Star and Typical Lithium Element

Topics: Star, Spectral line, Doppler broadening Pages: 1 (266 words) Published: February 17, 2013
Homework #2
1. How many electrons would a typical neon element have? How many electrons does a typical lithium element have? Use that information to qualitatively describe the difference between the emission spectrum of neon and lithium. 10, 3, the greater the number of electrons the greater the number of emission lines on the spectrum

2. The dominant element present in the star’s spectrum to the right: Hydrogen

3. Is a toaster oven filament an example of an emission, absorption, or continuous spectrum? What about a neon lamp? Continuous Spectrum, Emission

4. Add and remove a gas cloud, and change to Telescope 2 and back to Telescope 1. Just an exercise, no question.

5. Now have the star recede (so that it is moving away from Earth). Are the absorption lines shifted to the red or to the blue? Now have the star move perpendicular to Earth. In this case, is the absorption lines shifted to the red or to the blue? Red, No change in the absorption lines getting absorbed by Earth.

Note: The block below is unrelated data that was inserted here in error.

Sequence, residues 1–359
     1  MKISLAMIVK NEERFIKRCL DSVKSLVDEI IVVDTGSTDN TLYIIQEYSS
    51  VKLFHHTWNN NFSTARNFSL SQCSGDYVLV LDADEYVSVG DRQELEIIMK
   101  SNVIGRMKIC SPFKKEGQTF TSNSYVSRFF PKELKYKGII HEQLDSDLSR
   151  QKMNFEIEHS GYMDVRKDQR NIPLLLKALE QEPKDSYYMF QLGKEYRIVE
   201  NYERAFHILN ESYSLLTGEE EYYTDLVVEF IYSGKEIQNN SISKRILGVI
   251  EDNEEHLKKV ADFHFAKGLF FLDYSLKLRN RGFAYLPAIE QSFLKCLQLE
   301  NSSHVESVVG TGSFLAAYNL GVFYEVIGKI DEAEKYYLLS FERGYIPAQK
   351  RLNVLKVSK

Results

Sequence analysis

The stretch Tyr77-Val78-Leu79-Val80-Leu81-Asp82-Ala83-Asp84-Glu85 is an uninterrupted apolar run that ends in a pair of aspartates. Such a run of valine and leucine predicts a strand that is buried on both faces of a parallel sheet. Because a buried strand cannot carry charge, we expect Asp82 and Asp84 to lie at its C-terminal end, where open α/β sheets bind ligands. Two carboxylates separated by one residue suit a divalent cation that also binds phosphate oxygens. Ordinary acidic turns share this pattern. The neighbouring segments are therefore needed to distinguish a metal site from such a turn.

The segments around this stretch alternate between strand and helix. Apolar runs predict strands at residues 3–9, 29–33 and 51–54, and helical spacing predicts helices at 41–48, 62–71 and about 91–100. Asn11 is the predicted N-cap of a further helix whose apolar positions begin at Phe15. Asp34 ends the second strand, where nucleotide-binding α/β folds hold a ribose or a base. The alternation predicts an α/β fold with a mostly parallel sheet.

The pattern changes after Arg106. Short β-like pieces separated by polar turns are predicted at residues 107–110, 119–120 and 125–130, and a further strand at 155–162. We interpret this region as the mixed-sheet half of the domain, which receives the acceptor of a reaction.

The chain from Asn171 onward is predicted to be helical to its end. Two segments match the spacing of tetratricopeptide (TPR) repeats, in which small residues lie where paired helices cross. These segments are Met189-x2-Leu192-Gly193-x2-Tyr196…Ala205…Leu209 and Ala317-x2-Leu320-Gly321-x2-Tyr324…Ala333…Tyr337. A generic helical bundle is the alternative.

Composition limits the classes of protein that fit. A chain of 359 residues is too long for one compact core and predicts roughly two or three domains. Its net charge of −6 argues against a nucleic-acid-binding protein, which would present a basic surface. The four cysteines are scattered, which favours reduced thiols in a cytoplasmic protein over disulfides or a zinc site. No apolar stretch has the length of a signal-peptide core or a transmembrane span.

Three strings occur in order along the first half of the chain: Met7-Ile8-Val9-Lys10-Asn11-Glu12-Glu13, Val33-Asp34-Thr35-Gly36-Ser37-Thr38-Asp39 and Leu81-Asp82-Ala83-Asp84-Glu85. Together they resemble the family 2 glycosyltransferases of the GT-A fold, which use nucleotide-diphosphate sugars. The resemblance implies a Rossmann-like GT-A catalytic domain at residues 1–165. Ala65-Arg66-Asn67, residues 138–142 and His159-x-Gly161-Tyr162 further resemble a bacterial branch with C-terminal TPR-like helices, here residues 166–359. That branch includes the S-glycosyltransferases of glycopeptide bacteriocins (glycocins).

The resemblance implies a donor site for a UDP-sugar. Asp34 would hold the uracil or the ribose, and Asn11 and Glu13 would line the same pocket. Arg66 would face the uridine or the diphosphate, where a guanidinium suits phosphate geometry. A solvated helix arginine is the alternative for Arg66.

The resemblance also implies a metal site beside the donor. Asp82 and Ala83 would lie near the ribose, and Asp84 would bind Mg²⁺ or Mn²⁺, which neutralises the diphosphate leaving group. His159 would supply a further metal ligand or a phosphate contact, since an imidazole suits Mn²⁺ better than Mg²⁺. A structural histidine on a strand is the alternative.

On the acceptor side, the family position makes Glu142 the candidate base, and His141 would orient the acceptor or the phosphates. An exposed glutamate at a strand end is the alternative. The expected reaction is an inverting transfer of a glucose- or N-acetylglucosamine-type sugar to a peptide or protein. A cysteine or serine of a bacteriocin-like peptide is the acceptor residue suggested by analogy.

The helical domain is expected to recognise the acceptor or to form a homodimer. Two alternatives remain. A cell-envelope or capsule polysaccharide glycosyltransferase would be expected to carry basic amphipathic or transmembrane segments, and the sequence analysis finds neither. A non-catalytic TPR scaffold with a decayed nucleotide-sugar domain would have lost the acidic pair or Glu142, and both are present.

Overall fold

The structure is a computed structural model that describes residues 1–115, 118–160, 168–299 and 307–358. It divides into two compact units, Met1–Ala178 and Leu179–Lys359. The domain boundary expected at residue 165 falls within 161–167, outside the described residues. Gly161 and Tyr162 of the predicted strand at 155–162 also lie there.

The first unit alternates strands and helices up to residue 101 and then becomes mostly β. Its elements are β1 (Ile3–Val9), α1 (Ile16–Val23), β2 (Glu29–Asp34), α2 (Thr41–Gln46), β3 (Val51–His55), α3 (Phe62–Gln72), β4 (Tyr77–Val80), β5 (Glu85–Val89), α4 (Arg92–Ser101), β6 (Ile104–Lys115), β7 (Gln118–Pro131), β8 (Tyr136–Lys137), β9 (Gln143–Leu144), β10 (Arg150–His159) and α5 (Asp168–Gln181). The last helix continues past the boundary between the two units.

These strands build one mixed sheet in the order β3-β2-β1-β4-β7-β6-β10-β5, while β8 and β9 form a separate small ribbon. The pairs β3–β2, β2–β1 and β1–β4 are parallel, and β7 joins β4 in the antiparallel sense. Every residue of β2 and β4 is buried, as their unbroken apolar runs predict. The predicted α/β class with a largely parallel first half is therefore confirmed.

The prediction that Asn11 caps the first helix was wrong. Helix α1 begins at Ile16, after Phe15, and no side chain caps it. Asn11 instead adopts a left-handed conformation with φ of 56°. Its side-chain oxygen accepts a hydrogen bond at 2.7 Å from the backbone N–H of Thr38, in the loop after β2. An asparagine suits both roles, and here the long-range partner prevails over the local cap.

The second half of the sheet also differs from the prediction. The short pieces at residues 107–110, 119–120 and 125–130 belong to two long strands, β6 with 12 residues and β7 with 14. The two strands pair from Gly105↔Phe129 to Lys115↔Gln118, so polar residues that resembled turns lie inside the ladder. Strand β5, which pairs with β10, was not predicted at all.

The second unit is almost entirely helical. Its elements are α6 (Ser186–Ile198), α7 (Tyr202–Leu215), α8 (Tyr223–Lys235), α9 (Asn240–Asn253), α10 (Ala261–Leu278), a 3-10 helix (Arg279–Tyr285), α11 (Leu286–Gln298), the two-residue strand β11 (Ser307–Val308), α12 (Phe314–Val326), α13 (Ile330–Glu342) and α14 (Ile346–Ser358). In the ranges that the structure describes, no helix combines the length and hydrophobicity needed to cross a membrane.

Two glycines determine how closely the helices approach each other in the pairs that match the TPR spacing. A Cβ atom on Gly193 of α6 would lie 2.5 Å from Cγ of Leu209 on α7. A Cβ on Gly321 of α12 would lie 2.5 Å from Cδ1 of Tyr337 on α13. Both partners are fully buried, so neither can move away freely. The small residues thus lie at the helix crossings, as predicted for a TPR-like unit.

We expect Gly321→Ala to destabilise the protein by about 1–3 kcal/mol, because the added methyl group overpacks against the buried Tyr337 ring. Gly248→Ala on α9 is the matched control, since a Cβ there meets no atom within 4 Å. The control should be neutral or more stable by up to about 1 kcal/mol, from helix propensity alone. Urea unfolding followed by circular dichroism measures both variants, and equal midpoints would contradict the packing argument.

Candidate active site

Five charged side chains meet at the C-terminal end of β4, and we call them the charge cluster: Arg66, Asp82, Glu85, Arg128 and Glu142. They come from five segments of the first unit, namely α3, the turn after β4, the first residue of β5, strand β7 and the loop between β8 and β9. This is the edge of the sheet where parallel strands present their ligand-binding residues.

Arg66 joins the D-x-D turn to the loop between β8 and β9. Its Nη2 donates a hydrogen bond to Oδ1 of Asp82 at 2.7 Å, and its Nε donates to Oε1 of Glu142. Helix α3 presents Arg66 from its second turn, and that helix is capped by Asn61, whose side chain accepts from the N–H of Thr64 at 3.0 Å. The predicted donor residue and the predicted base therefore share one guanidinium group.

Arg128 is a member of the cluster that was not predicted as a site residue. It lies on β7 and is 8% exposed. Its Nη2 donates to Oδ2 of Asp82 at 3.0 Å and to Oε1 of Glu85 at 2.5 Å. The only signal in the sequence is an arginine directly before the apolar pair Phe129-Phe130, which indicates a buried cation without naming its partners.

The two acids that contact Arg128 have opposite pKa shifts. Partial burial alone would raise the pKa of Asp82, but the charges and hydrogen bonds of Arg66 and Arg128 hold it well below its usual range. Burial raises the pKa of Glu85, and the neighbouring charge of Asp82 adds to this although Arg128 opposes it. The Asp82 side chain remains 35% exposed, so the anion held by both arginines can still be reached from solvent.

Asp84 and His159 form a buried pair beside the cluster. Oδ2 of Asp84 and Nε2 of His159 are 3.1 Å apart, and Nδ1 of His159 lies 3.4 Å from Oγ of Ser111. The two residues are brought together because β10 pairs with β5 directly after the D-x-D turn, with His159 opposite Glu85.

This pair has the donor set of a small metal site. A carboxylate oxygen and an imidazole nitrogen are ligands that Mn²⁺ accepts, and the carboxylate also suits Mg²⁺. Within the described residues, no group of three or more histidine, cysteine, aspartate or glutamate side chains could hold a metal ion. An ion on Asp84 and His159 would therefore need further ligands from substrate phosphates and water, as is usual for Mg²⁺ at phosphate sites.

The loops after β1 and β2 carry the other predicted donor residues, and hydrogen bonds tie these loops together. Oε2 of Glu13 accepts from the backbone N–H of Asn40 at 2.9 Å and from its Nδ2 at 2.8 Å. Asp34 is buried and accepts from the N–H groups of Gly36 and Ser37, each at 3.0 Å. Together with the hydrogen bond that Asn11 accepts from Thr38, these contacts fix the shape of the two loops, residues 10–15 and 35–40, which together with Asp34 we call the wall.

6. How would you expect an absorption line to look in a star that is rapidly rotating? Why? Feel free to draw an illustration if that helps. The absorption line of the side of the star spinning towards you would be blue while the absorption line of the side of the star spinning away from you would be red. The absorption line in the middle between these would look the same as if the star was not rotating. This is due to Rotational Doppler Broadening. This will cause a broadened spectral line.
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